Nitrates and Phosphates and Algae, Oh My!

Part B: Algal Blooms in the Gulf of California

Real-color and chlorophyll concentration images of an algal bloom in the Gulf of California on August 10, 2003. Images courtesy of NASA.

An algal bloom is a rapid increase in the population of algae or phytoplankton in an aquatic system and can be recognized by discoloration in the water. The discoloration arises from the presence of chlorophyll, a green pigment used for photosynthesis. Because phytoplankton contain chlorophyll, the distribution and abundance of phytoplankton in oceans, lakes, and seas can be determined through satellite measurements of chlorophyll concentration.

In Part A, you saw how adding nutrients to algal cultures increased their reproduction rates. Fertilizer, much like what you added to your lab cultures, finds its way into lakes and oceans through runoff from agricultural farms, golf courses, and suburban lawns. Other nutrients get added from the atmosphere, soil erosion, upwelling, aquaculture facilities, and sewage plants. In this part of the investigation, you will use data from NASA's Aqua MODIS satellite. You will view image data in the NOAA View Global Data Explorer and then visit NOAA's Coastwatch to create graphs of the data you observed. You will use the data formats to look for correlations between phytoplankton blooms in the Gulf of California and the addition of nutrients through agricultural runoff from the surrounding land.

1. The maps below show the concentration of chlorophyll in the Gulf of California, averaged over the months of August (left) and December 2016. Concentrations are measured in milligrams per cubic meter (mg/m³). On these images, as the legend shows, red areas contain the greatest concentration of chlorophyll (and therefore the greatest concentration of phytoplankton), while the purple areas have very low chlorophyll concentrations. As you examine the images, familiarize yourself with the legend and look for areas of high and low chlorophyll concentration on each map.

2. Go to the NOAA View Global Data Explorer website. The link will take you to the Chlorophyll Concentration data map.

3. Zoom in to the Gulf of California so that you can see the same area of ocean you see in the images above.

4. On the left panel, click Monthly to see the data as monthly data averages, and use the date slider to back the map data up at least a year from the current date. Then click the box labeled Data Values – this will allow you to use your mouse to view the temperature where your mouse hovers on the data map.

5. Hit the play button and watch a year of the chlorophyll dispersion. It may take a few minutes to play smoothly, but watch how the chlorophyll moves within the Gulf of California. Next, slide the starting date to July 2016 and watch the chlorophyll values and colors in the Gulf of California through July 2018. Pause or replay as necessary.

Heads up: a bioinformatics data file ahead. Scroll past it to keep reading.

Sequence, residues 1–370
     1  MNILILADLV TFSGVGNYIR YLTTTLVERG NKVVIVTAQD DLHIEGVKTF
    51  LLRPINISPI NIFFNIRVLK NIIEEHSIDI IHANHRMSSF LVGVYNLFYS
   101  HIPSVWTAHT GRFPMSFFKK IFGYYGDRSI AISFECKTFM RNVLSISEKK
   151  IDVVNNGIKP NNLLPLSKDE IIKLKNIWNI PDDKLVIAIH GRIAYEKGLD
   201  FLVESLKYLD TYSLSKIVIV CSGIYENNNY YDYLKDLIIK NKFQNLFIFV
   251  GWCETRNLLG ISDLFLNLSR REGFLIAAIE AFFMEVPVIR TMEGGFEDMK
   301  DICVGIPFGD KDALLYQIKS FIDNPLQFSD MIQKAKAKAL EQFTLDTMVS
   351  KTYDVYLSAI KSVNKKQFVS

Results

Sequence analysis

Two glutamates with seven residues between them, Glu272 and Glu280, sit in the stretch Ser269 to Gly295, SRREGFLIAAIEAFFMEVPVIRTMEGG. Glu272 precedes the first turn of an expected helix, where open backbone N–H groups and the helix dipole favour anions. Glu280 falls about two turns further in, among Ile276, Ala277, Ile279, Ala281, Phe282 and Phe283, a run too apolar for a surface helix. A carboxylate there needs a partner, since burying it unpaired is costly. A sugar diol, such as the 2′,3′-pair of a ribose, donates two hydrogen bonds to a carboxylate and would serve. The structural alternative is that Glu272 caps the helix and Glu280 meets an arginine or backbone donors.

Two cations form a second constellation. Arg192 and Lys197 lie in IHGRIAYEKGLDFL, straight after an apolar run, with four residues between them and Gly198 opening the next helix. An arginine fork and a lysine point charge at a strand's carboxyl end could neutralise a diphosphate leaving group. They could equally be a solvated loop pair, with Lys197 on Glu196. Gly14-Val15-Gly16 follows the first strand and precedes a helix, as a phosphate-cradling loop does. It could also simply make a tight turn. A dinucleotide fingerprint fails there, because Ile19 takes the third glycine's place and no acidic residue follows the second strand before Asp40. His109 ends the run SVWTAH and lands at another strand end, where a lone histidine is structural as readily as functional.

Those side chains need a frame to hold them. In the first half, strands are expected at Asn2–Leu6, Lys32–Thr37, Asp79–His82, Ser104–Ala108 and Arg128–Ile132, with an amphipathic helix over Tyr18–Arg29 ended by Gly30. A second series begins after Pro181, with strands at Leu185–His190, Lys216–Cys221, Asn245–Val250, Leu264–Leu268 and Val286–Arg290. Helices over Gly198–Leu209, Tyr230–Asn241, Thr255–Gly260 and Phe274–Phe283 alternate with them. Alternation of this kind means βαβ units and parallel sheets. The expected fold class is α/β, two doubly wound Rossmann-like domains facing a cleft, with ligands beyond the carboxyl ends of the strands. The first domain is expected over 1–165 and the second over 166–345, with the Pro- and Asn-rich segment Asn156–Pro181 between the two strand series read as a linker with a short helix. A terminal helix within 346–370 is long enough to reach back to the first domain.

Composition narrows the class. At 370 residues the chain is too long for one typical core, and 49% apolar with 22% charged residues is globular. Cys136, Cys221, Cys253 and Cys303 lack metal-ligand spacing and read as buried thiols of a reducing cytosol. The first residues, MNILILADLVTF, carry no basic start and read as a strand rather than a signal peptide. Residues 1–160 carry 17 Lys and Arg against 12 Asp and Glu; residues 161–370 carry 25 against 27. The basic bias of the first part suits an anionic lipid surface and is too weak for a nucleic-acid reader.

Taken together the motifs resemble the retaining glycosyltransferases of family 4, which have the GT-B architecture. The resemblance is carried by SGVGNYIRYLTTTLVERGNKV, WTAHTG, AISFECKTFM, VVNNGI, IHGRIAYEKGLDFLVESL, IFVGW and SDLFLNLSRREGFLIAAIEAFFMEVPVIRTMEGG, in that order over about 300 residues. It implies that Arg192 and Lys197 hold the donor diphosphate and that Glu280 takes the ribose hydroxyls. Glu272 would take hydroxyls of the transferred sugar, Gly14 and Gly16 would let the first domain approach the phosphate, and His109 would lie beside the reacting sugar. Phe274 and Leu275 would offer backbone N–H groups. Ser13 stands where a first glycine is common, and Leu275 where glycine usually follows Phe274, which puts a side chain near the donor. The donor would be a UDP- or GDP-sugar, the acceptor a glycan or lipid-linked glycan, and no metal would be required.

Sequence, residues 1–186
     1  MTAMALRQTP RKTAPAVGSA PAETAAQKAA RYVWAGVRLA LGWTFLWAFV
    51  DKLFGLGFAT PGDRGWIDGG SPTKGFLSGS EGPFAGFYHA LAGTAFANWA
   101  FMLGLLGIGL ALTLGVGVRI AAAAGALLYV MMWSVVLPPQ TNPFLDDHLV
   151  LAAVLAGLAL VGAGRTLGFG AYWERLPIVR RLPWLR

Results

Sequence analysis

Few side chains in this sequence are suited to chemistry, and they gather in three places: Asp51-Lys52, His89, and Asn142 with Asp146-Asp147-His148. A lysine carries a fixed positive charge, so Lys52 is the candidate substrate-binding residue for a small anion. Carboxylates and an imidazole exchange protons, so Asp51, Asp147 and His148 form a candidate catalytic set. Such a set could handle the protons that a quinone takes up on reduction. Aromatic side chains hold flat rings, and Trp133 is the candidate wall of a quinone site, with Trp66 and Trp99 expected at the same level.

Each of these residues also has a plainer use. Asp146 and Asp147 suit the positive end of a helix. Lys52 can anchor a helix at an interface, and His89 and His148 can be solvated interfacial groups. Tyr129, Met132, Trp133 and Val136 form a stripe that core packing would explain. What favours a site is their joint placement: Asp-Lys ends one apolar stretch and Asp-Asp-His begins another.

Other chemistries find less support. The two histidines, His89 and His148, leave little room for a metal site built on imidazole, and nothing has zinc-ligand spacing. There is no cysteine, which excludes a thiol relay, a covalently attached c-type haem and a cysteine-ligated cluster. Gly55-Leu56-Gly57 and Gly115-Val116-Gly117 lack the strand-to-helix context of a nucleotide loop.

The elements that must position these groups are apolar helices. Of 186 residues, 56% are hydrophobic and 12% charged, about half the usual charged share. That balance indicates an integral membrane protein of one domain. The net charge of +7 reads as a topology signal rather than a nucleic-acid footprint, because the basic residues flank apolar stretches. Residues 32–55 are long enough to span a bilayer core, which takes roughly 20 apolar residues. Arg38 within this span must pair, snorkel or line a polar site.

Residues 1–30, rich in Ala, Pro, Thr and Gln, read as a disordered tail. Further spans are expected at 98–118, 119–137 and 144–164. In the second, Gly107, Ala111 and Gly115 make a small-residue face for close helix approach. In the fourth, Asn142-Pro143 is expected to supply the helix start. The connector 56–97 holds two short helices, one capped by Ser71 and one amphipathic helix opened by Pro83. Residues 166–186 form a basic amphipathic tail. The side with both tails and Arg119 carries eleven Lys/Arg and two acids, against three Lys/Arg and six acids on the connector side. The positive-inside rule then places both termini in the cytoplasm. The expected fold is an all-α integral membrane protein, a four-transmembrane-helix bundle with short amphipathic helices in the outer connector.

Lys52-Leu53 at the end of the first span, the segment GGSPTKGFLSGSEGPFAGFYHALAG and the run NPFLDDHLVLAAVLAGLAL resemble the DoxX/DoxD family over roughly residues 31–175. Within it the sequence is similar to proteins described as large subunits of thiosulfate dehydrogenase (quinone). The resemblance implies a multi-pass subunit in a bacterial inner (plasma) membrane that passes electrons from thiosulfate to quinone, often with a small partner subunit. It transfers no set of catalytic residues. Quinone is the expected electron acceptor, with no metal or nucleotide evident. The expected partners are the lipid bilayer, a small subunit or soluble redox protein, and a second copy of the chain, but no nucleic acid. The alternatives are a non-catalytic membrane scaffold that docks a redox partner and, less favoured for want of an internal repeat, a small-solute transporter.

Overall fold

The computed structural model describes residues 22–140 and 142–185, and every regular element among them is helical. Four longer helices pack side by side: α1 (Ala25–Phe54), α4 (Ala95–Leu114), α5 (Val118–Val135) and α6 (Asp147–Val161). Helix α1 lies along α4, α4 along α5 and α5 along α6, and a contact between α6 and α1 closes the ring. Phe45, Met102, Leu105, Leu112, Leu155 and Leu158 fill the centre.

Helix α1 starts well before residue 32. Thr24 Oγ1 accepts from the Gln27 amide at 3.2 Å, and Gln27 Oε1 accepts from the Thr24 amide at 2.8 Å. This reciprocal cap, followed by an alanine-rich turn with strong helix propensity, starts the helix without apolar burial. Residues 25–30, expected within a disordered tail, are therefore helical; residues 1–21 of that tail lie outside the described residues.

Stop and Think

1: Describe the variation in the chlorophyll levels in the Gulf of California during the two-year period covered by the animation. Are there certain times of year during which chlorophyll levels are particularly high or low? Explain why you think these differences exist.

2: In general, in what area(s) of the Gulf are chlorophyll levels highest? Explain why you think this occurs.

6. You're now going to generate a scatterplot of the data you've just seen depicted on the map. Visit the NOAA ERDDAP site.

7. For Graph Type, select Lines And Markers.

8. Leave X Axis set to time and Y Axis set to chlorophyll.

9. In the Dimensions, you're going to slide the markers, changing the dates, to Start July 2016 (2016-07) and Stop July 2018 (2018-07). The location allows for only one data point, so move the latitude slider to 27.0 and move the longitude to -111.0. Note: If you have trouble with the sliders, you can also type these numbers in the boxes.

10. Click on the Redraw the Graph button. The scatter plot with data points connected by smoothed lines will appear after a few moments. The plot shows chlorophyll a concentration vs. time.

  • Chlorophyll concentration is given in units of milligrams per cubic meter (mg/m³). Each data point represents the average chlorophyll concentration for the location requested in the Gulf of California.
  • The latitude and longitude boundaries of your selection box are shown above the plot area.

The location of 27N, 111W is not far from the outlet of the river that runs through the Mexico's agriculturally rich Yaqui Valley. Your teacher may have you choose other lat/long area points within the Sea of Cortés to graph. Consider the reasons for differences and similarities of the graphs over the same time period.

Checking In

Describe how the average chlorophyll concentration in the Gulf of California varies over the given time period.

  • During what times of year are average chlorophyll concentrations highest?
  • During what times of year are average chlorophyll concentrations lowest?

11. Read the article Researchers discover direct link between agricultural runoff and massive algal blooms in the sea for an explanation of what you have just observed in the satellite data.

Stop and Think

3: According to a study published in Nature, irrigation typically took place in Mexico's Yaqui Valley four times a year from 1998-2002: November, January, March, and April. Do the data from 2016-2018 indicate the same trend in irrigation events? Support your answer with evidence from your graph.


Although there is currently no evidence that the blooms seen in the Gulf of California are toxic or creating oxygen-depleted "dead zones," the threat is real. Continue to Part C to learn more about these potentially deadly consequences of excessive algae growth.